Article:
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Different Types of Water Heaters



Water Heaters

Water heaters are used to ensure your household always has access to hot water when necessary, and come in various models to suit any household’s requirements.

Most homes use traditional tank-style water heaters powered by electricity, gas or oil that contain a storage tank where hotter water rises to the top. For extra data, read the full post here.

Tank-Style Water Heaters

These traditional models use natural gas, propane or electricity to heat water for storage in their tank until needed. With multiple sizes to choose from and an ideal design that’s ideally suited for households of three to five people or more.

Tank-style water heaters typically hold 30-50 gallons of hot water. They’re commonly installed in utility closets, garages or basements and take up considerable floor space, being able to generate serious water damage.

Professional inspection and maintenance should be provided for these water heaters, particularly an anode rod – which acts as an anticorrosive element and protects the interior lining of the tank – should be replaced annually to prevent it from wearing out early. Likewise, tank-style water heaters may become filled with sediment over time which reduces efficiency and shortens their lifespan, so your technician should drain and flush these units to restore their performance.

Tank-less Water Heaters

Tankless units differ from traditional tank heaters by providing hot water on demand without incurring energy losses associated with storage tanks. They operate using natural gas, electricity or propane and may be an ideal choice for households that consume a great deal of hot water.

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The Stiebel Tempra 36 Plus is an indoor electric unit that auto-regulates its energy consumption throughout the day, supplying up to three fixtures at the same time with 7.5 GPM while remaining virtually silent. According to Miles, its actual GPM may differ depending on what temperature rise is needed in order to raise water temperatures, something each model’s specifications outline.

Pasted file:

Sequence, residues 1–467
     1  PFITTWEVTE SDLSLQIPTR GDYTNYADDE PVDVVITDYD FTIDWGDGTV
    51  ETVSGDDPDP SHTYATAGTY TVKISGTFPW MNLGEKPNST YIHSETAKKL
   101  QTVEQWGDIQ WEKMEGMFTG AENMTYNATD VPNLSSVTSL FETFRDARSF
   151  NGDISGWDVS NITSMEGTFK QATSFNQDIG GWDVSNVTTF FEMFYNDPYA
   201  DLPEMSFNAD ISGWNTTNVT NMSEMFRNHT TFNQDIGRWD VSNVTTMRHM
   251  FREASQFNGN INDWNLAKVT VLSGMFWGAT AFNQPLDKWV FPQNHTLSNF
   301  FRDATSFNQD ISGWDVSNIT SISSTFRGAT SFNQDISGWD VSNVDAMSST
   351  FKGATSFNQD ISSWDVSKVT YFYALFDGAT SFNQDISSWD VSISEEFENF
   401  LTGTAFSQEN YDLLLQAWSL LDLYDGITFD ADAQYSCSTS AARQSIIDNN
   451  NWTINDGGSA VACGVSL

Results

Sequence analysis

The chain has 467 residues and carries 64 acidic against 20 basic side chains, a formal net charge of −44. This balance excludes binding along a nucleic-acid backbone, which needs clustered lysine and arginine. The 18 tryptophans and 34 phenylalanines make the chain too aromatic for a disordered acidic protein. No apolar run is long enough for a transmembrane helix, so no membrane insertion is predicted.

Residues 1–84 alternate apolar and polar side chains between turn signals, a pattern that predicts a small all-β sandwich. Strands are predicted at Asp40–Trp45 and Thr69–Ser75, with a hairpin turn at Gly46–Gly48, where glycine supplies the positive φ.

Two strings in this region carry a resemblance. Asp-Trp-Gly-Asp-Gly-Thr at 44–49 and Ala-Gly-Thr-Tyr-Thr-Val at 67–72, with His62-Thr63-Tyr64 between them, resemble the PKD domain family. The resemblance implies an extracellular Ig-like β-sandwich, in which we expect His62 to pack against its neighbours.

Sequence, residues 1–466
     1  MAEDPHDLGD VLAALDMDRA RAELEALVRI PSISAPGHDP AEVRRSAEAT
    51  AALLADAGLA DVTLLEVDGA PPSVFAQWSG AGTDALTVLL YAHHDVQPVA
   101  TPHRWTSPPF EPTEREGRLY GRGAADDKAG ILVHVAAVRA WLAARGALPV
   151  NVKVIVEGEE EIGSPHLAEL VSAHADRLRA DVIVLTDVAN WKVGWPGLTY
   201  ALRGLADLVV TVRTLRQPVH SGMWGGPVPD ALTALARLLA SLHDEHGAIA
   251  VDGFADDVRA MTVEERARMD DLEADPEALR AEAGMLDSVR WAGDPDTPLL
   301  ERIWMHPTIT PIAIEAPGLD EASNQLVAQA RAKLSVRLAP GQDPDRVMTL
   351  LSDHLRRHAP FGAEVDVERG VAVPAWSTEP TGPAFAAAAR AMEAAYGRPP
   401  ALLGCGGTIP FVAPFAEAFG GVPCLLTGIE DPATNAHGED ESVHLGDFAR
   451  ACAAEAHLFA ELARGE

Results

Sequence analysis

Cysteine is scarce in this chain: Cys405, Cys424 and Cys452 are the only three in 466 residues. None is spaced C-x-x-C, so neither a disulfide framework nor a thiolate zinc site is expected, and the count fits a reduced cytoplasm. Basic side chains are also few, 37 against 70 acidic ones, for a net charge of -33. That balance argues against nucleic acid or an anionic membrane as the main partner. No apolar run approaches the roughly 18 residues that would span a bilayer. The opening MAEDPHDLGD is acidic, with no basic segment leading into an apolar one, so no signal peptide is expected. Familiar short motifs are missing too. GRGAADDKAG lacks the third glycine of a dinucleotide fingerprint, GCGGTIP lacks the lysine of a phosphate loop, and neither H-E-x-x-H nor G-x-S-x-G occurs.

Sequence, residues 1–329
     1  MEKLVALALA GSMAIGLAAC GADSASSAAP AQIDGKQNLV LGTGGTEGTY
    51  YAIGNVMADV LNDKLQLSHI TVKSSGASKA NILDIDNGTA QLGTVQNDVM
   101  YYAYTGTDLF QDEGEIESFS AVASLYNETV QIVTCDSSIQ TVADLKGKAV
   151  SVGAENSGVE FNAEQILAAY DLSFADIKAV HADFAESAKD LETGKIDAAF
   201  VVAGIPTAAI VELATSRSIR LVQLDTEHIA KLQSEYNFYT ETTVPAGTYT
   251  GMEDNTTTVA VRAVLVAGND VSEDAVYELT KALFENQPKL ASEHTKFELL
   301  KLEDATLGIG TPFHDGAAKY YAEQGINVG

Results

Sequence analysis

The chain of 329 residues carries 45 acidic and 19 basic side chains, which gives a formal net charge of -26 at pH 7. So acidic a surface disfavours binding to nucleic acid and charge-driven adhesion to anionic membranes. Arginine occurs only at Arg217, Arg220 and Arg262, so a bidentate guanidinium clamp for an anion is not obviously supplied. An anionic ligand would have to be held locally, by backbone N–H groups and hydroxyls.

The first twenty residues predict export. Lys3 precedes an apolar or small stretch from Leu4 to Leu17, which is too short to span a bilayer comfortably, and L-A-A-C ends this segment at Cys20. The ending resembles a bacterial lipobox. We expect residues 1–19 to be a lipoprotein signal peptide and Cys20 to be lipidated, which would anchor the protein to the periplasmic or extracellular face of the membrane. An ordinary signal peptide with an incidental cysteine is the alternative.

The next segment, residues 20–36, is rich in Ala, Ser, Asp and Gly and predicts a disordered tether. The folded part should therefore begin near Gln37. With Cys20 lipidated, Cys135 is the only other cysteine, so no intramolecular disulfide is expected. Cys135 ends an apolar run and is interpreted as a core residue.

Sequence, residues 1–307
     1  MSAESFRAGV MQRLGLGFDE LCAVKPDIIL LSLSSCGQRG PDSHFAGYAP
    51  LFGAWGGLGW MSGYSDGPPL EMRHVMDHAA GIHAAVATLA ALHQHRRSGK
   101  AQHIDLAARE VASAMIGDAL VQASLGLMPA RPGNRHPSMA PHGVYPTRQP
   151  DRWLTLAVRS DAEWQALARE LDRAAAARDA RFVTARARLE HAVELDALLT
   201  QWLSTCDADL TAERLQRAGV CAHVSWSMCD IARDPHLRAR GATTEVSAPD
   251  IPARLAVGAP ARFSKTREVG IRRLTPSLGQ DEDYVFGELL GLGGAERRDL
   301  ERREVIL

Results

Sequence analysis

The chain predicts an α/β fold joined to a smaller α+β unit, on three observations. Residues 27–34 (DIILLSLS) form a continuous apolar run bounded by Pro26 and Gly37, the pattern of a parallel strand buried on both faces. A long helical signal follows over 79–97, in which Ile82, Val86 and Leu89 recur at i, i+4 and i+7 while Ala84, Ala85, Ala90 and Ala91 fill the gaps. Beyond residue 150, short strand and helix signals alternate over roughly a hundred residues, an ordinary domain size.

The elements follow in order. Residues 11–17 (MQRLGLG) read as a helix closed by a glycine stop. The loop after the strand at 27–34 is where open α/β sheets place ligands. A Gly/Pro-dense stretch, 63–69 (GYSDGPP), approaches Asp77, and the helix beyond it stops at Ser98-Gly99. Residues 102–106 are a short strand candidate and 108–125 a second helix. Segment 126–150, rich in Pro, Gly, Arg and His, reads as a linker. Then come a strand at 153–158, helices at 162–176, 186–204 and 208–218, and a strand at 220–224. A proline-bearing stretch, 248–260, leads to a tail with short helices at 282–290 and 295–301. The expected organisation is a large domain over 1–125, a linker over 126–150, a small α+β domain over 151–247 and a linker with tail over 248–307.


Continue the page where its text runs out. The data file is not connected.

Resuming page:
Tankless units require less maintenance than their tank counterparts, but still need routine work such as flushing to remove hard-water deposits. While flushing can be completed at home, if new venting or drain lines need installing it is recommended that it is done professionally. They can be controlled using Wi-Fi and smartphone app control and output temperature can be altered by increments of 1degF.

Electric Water Heaters

Electric water heaters use heating elements that are submerged within a tank to heat water, making it the perfect choice if your home already has access to an electrical connection near where it will be placed, with more sizes than gas tanks available and usually coming with warranties and an easy-access anode rod to reduce corrosion and prolong their lifespan.

If energy costs are of concern, an electric model with a higher energy factor could be your ideal solution. This means it consumes less power than traditional heaters and results in reduced electricity bills.

Electric water heaters may rely on electricity, meaning that they won’t function during an extended power outage. If your location is susceptible to extended outages, considering switching to a gas water heater as an alternate means of heat could provide peace of mind during periods when electricity doesn’t function as planned.

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Gas Water Heaters

If you reside in an area with access to clean, low-cost electricity, an electric water heater could be an ideal choice. Not only does this type of heater save on costs and maintain an eco-friendly option by not using nonrenewable fossil fuels for its energy source, it’s also better for the planet!

Gas water heaters use combustible energy sources that pose both health risks and environmental concerns if improperly vented and maintained. They may also be more expensive upfront.

Besides the long pipes supplying cold water and short tubes directing hot water around your home, look out for two additional pipes at the top of your tank: a pressure relief valve and a temperature dispensing pipe. These are designed to minimize overheating risks as well as carbon monoxide build-up from leaks; typically black but may also come in copper finishes.

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